Schouten slays the Red Earth Beast bike race
By RYAN SPITZA
Journal Sports Writer
NEGAUNEE — Roughly 145 participants embarked at Jackson Mine Park in downtown Negaunee Saturday morning for the sixth annual Red Earth Classic mountain bike and trail running race.
The main event of the day was the Beast mountain bike race, a 32-miler that challenged riders on a winding course through trails in Negaunee, Ishpeming and everything in-between.
27 riders registered for the Beast race, which began at 9 a.m. Tristan Schouten of Plymouth (Wis.) crossed the line first to claim the overall victory with a time of 2:31:13. Sarah Kylander-Johnson out of Duluth (Minn.) was the first female to cross the line with a time of 2:53:35.
Schouten said technical changes to this year’s course made the race fun for him.
“They added a lot of singletrack this year,” he said. “A lot of really technical, new, rocky singletrack and it was really fun.”
Schouten defeated second-place finisher Adam Swank from Duluth by almost four-and-a-half minutes and said he created that gap just beyond the halfway mark on an elevation change in Ishpeming.
“I ran with two guys for more than half the race,” he said. “Near Ishpeming, on the other end of town, there was a really steep climb by the railroad tracks and they bobbled a little bit and I got a little gap. It was getting later in the race and those guys are getting tired, so you kind of just end up riding your own pace from there and whatever energy you’ve got, that’s what you use.”
Swank had a time of 2:35:40 while Scott Kylander-Johnson also from Duluth rounded out the podium at 2:36.58.
Despite a challenging, technical course with roots, rocks and several elevation changes, the biggest obstacle for Scott Kylander-Johnson weren’t any of those.
Instead, he encountered some horses.
“There were at least three of them,” he said. “They were up on their hind legs, I had to stop and put my bike in front of me. It was a little scary.”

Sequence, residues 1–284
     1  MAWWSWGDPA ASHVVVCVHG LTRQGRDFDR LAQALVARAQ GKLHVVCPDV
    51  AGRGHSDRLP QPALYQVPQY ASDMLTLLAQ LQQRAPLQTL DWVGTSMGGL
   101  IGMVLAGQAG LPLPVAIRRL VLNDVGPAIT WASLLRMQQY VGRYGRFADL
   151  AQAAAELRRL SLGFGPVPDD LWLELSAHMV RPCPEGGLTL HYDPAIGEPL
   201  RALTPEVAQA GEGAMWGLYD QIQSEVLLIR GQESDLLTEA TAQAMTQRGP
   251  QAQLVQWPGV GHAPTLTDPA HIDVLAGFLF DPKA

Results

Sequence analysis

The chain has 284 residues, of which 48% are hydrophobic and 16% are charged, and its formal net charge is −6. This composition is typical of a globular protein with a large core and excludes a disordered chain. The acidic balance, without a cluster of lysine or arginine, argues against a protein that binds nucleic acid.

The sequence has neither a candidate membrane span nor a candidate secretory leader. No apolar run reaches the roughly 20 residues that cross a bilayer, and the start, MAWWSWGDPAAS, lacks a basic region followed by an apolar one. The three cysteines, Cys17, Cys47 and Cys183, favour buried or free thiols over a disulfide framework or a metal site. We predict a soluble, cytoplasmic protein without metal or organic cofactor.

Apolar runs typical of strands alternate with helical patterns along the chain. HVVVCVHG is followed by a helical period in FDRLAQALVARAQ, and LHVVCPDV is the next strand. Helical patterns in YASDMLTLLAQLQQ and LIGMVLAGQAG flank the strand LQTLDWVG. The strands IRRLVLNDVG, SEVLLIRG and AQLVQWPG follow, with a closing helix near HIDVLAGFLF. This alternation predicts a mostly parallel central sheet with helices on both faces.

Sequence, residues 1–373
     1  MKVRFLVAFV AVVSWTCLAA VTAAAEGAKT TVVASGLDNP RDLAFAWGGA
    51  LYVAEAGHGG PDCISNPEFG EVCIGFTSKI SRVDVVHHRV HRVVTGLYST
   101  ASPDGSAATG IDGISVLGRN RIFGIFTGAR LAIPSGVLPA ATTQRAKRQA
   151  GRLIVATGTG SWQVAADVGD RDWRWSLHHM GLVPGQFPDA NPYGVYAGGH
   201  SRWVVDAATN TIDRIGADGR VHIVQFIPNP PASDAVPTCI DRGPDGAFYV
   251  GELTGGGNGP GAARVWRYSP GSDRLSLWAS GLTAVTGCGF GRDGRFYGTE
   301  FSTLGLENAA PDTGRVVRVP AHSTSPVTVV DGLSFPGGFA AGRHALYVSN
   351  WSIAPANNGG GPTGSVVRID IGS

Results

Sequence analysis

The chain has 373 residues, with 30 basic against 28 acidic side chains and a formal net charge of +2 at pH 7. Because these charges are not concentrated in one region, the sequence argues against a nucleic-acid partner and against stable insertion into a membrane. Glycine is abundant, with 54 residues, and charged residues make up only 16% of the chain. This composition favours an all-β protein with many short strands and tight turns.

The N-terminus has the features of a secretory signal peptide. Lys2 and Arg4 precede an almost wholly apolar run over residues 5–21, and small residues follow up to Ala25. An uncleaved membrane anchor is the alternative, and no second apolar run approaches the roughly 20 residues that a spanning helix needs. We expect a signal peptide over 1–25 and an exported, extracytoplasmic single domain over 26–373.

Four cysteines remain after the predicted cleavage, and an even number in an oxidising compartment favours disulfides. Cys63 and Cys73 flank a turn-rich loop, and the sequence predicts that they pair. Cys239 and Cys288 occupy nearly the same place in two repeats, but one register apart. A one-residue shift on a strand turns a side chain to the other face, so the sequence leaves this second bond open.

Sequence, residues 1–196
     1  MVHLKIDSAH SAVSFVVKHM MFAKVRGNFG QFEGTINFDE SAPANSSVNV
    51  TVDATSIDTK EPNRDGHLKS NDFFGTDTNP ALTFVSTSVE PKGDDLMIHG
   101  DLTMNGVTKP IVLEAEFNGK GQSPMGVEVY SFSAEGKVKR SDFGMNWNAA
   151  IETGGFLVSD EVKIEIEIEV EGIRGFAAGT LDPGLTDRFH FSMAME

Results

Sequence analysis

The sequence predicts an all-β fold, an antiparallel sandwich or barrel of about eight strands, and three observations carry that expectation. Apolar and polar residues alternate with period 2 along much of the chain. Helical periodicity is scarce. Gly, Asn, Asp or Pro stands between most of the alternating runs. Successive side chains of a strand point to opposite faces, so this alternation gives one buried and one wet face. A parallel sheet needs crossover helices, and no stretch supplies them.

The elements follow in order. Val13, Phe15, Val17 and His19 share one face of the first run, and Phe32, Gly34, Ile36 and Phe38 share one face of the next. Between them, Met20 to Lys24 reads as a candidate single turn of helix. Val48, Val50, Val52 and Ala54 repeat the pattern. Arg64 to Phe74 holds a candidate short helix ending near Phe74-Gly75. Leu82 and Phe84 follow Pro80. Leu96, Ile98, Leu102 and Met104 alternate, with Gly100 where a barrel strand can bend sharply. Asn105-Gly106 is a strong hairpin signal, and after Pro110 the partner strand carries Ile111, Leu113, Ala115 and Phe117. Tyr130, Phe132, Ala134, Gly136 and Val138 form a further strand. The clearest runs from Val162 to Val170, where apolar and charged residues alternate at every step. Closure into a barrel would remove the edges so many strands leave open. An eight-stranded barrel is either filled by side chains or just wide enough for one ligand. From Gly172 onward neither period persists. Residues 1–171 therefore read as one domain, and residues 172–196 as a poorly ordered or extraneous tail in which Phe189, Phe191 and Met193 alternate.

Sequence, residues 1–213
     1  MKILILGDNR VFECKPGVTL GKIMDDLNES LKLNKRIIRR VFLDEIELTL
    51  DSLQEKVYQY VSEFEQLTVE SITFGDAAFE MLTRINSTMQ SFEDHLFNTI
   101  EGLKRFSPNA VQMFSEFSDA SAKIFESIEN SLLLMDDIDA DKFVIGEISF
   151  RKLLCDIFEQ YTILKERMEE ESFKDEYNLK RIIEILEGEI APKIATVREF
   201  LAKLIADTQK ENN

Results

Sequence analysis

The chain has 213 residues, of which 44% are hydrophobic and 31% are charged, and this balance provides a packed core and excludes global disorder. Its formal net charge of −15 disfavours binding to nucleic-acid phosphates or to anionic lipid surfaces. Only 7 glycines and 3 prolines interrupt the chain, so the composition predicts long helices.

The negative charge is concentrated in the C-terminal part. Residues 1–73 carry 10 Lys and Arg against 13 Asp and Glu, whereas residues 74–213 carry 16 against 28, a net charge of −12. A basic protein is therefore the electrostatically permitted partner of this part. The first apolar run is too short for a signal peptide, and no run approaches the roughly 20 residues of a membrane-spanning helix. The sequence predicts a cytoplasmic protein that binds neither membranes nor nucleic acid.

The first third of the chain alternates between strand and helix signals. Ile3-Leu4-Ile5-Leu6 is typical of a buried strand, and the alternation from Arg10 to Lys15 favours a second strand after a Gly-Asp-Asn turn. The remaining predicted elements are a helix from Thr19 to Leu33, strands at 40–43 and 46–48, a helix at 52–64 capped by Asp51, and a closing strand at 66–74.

Other than the unexpected and humorous encounter, Kylander-Johnson said the trail was perfect.
“It was great,” he said. “I love it out here.”
As for Kylander-Johnson’s wife Sarah, she took the female crown as previously stated beating out Andrea Newby of Hurley (Wis.) at 4:15:25 and Sonny Klipp of Janesville (Wis.) at 4:32:01.
Kylander-Johnson said she enjoyed the technicality of the course.
“The course was really hard,” she said.
“A lot of tough climbing, a lot of rocks and roots, but I liked that and I liked it all. It was a really great course.”
The first local finishers in the 32-miler were Brice Sturmer of Marquette, who finished eighth on the male side with a time of 3:10:43. Avery Evans of Ishpeming finished fourth in the female division at 4:46:08.
Other biking events of the day included the 20-mile Loader race and 12-mile Doxer race.
Kirk Harger of Munising finished first overall in the 20-miler clocking in at 1:27:34. Mike Paternoster finished second while Marquette’s Jim Argeropoulos finished third. The female side saw Bethany Aebli of downstate Grand Haven come in with a time of 1:41:39. Marquette’s Emma Stahl was second, while Rhonda Lassila of Wetmore finished third.
Lucas Basal of Marquette came home first overall in the 12-miler, while Meilee Evans of Ishpeming took the female title.
The running events of the day included a half-marathon, 5K and 10K, as well as a 5K walk.
Tyler Gauthier won the half-marathon with a time of 1:04.53. The 10K’s only entrant, Ericka Asmus of Marquette, earned a time of 1:12:46. Harger won the 5K run while no entrants were recorded for the 5k walk.
Kids biking and running races were also held.
Race co-organizer Justin Koski called the event a success and no issues on the course were reported.
“We had a really smooth, safe morning,” he said. “We’ve had no problems. It’s a challenging course, especially the 32-miler. We had a lot of people doing it just to sort of complete it, not necessarily be the first to complete it.
“Thanks to Eagle Mine, U.P. Engineers and Architects and all of our sponsors and volunteers.”
Email Ryan Spitza at firstname.lastname@example.org.